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Meet the UK's first consultant nurse in paediatric electrophysiology and inherited cardiac conditions

Years ago Cath Renwick doubted her academic ability but now has a pioneering role with a long-term plan to lead on research
Cath Renwick

Years ago Cath Renwick doubted her academic ability but now has a pioneering role with a long-term plan to lead on research

When asked about what advice she would give to nurses starting out, without hesitation Cath Renwick says it is important to seize every chance to boost your skills through further study.

Ms Renwick has become the UKs first consultant nurse in paediatric electrophysiology and inherited cardiac conditions, a post funded by The Ben Williams Trust .

She has worked for the past 20 years at the Royal Brompton & Harefield NHS Foundation Trust where she has led the paediatric inherited cardiac conditions and electrophysiology service for the past four years.

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Years ago Cath Renwick doubted her academic ability but now has a pioneering role with a long-term plan to lead on research

Picture shows consultant nurse in paediatric electrophysiology and inherited cardiac conditions Cath Renwick
Consultant nurse in paediatric electrophysiology and inherited cardiac conditions Cath Renwick

When asked about what advice she would give to nurses starting out, without hesitation Cath Renwick says it is important to seize every chance to boost your skills through further study.

Ms Renwick has become the UK’s first consultant nurse in paediatric electrophysiology and inherited cardiac conditions, a post funded by The Ben Williams Trust.

She has worked for the past 20 years at the Royal Brompton & Harefield NHS Foundation Trust where she has led the paediatric inherited cardiac conditions and electrophysiology service for the past four years.

Yet Ms Renwick did not always consider herself student material.

Work experience placement in a nursery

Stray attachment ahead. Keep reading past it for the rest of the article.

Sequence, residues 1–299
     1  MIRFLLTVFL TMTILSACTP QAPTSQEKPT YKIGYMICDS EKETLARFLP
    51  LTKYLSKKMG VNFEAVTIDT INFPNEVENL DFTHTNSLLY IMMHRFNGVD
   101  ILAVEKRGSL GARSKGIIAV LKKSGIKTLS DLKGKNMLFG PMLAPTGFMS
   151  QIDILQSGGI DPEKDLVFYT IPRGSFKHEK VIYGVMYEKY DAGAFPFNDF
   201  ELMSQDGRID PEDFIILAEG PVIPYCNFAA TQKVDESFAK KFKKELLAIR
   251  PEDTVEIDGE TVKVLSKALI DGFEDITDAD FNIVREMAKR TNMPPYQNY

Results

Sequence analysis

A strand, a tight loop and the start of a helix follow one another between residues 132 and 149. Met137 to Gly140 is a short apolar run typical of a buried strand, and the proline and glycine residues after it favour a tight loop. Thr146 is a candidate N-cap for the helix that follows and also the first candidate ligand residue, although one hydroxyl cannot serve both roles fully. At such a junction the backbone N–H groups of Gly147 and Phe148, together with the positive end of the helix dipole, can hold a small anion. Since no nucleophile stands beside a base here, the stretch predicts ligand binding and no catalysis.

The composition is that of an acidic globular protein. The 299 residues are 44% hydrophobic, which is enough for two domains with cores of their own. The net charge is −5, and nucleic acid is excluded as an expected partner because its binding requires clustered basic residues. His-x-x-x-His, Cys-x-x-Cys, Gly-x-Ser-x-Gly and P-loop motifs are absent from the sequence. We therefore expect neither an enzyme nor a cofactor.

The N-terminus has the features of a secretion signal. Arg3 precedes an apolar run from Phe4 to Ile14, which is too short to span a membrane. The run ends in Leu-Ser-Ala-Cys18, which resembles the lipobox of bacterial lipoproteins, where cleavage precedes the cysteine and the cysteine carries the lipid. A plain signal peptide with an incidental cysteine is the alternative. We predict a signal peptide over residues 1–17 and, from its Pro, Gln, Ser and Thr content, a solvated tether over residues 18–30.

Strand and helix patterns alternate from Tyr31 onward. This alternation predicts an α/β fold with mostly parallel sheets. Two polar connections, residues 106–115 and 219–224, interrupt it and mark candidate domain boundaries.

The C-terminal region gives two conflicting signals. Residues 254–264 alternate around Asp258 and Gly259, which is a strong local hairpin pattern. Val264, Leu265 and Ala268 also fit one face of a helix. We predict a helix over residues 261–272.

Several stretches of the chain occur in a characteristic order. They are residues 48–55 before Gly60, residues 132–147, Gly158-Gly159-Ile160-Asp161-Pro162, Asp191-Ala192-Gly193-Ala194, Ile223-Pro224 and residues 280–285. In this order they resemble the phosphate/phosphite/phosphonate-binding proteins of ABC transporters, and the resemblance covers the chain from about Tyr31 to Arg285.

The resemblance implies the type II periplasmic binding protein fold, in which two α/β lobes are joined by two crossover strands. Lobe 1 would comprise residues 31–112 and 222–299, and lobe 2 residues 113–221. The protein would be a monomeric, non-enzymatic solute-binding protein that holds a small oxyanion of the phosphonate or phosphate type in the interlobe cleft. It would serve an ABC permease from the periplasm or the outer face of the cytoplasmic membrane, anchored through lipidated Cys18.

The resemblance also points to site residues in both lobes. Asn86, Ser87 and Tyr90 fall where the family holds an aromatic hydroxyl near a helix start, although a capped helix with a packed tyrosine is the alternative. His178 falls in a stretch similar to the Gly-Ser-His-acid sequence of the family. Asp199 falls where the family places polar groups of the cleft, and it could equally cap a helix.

‘I did Project 2000 training instead of doing a degree when they were just bringing that in. Back then, I didn’t think I was academically good enough to get through a degree.'

At school she knew she wanted to work with children and so she did a work experience placement in a nursery. ‘I enjoyed it but felt that I wouldn’t be able to progress far with it.’

At the age of 21, she decided to train as a children’s nurse, securing a place at Thames Valley University (now the University of West London), based in Ealing.

Interest in arrythmias or irregular heartbeats

She then joined the Royal Brompton Hospital where her interest in arrythmias or irregular heartbeats began while on the intensive care unit. While there, she met Jan Till, consultant paediatric electrophysiologist and divisional director of children’s cardiac services and an international expert in this field.

‘I was in awe of Dr Till. She was a female cardiologist among a lot of men working in this highly specialist area and that was amazing. She has been a fantastic role model.’

In 2004, Ms Renwick became a cardiac liaison nurse, further developing her interest in arrhythmias and becoming the link for arrhythmias in the cardiac nurse specialist team.

‘I worked closely with Dr Till in clinics, learning as much as I possibly could.’

Charity-funded specialist post

Then in 2008 The Ben Williams Trust offered to fund the post of a nurse dedicated to children’s arrhythmias. ‘Ben Williams sadly died from an inherited heart condition in 2006 and his parents wanted to do something in his memory. The charity raised the funds to support a dedicated nurse.’

She has run a nurse-led clinic and been a nurse prescriber for the past ten years. In her new role she will be leading new research and educating other staff in this relatively new field.

‘We are hoping that we will be able to develop a science programme supporting nurses through any research they are doing and supporting nurses who want to have an academic clinical career in the longer term.’

Once she can settle on a research topic, she plans to apply to do a PhD. ‘I have a different idea every week. It may be something around quality of life for teenagers with inherited conditions. There are so many interesting areas I could choose.’


Find out more

The Ben Williams Trust supports children with arrhythmias and their families

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